Thursday, September 12, 2013

Reviving the Silk Road

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It ran more than 6,000 kilometers. It was founded during the Han Dynasty (206 BC – 220 AD). It contributed substantially in development of several of the oldest civilizations such as China, India, Persia, Europe and Arabia. It supported inter-continental trade over land for over fifteen centuries before perishing in about 1453 with the Ottoman supremacy. It made China and India the most prosperous nations at the time (see world GDP over time below). Then its disintegration caused the Europeans to find the sea route to China and India resulting in colonization and eventual demise of these two nations from prosperity to abysmal scarcity.

After more than six centuries of disuse, it is roaring back to life. Being revived by HP to run its high-tech merchandise on a 7,000 mile inter-continental journey to connect its global supply chain from China to Europe.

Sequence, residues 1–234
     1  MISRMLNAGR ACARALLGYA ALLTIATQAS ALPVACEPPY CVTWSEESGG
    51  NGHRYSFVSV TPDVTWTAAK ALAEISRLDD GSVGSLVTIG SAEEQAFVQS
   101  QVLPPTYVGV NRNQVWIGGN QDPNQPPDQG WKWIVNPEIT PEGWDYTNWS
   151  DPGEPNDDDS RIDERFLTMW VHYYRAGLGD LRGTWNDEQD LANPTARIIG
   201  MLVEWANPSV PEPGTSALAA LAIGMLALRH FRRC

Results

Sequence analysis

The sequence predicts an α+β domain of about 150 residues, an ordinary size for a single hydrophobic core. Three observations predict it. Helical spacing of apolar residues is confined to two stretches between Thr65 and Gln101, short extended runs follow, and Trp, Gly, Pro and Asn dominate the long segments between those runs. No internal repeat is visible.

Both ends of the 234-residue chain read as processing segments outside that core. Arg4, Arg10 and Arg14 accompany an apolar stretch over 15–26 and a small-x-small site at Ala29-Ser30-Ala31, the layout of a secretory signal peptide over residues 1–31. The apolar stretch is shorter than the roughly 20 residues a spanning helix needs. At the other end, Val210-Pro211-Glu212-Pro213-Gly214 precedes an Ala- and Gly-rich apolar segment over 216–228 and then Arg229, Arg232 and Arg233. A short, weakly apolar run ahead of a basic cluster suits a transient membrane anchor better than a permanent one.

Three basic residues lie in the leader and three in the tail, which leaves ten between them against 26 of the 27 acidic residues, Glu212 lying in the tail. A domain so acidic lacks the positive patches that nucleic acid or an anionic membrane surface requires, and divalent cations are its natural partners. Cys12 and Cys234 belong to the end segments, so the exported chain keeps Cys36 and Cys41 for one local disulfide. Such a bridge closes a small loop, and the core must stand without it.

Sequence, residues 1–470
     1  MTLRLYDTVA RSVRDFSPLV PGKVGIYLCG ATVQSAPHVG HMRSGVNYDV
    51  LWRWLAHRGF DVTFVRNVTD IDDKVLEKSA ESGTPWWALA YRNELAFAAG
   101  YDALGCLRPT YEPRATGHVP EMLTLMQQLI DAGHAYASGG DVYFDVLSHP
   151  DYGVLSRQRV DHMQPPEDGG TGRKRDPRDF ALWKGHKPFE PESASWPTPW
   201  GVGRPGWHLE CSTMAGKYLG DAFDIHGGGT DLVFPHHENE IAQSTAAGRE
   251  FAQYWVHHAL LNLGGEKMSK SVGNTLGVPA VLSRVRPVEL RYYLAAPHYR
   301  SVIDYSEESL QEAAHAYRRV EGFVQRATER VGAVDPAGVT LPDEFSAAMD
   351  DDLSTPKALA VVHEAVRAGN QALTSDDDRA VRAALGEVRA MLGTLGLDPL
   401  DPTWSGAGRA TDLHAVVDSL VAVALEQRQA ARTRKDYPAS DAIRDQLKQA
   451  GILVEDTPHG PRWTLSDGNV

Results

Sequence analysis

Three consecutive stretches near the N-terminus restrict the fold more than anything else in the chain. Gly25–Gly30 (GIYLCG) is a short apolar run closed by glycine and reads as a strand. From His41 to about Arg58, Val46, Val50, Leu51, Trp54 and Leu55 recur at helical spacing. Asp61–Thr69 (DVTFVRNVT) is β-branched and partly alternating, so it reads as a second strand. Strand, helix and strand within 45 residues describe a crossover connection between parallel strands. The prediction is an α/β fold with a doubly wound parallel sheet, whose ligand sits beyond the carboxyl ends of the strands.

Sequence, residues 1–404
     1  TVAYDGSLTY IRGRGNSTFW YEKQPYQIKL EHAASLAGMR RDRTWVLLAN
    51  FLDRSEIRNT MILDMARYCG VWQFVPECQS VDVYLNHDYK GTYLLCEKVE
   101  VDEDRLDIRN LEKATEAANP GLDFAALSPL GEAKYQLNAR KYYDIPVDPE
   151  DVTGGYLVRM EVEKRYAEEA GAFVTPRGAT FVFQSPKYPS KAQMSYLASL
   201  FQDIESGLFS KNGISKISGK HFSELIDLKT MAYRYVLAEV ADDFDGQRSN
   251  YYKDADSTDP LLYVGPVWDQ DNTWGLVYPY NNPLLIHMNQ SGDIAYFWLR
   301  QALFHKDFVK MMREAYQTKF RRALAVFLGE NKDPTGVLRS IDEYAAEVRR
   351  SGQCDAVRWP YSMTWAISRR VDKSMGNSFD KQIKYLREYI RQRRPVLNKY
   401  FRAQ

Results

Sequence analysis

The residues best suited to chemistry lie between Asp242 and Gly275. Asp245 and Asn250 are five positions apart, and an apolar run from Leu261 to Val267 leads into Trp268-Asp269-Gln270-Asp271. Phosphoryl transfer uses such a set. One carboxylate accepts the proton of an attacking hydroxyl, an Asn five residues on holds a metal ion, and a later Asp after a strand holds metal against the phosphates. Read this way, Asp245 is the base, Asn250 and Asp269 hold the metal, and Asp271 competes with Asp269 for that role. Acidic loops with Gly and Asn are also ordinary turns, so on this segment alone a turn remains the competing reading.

Wednesday, September 11, 2013

America’s Auto Industry and the Missing Jobs

imageA recent article on The Atlantic by Derek Thompson wonders why the American auto industry has not contributed as much to the economic and specifically to the jobs recovery this time around. Derek’s analysis is impeccable and he refers to several irrefutable data points to reach the inevitable conclusion that should not really be such a surprise: In a market economy, capital efficiencies are rewarded!

We are all familiar with the electricity flowing along the path of least resistance. You could say the same about the supply chains: In a (free) market economy, (smart) supply chains flow along the path of least cost.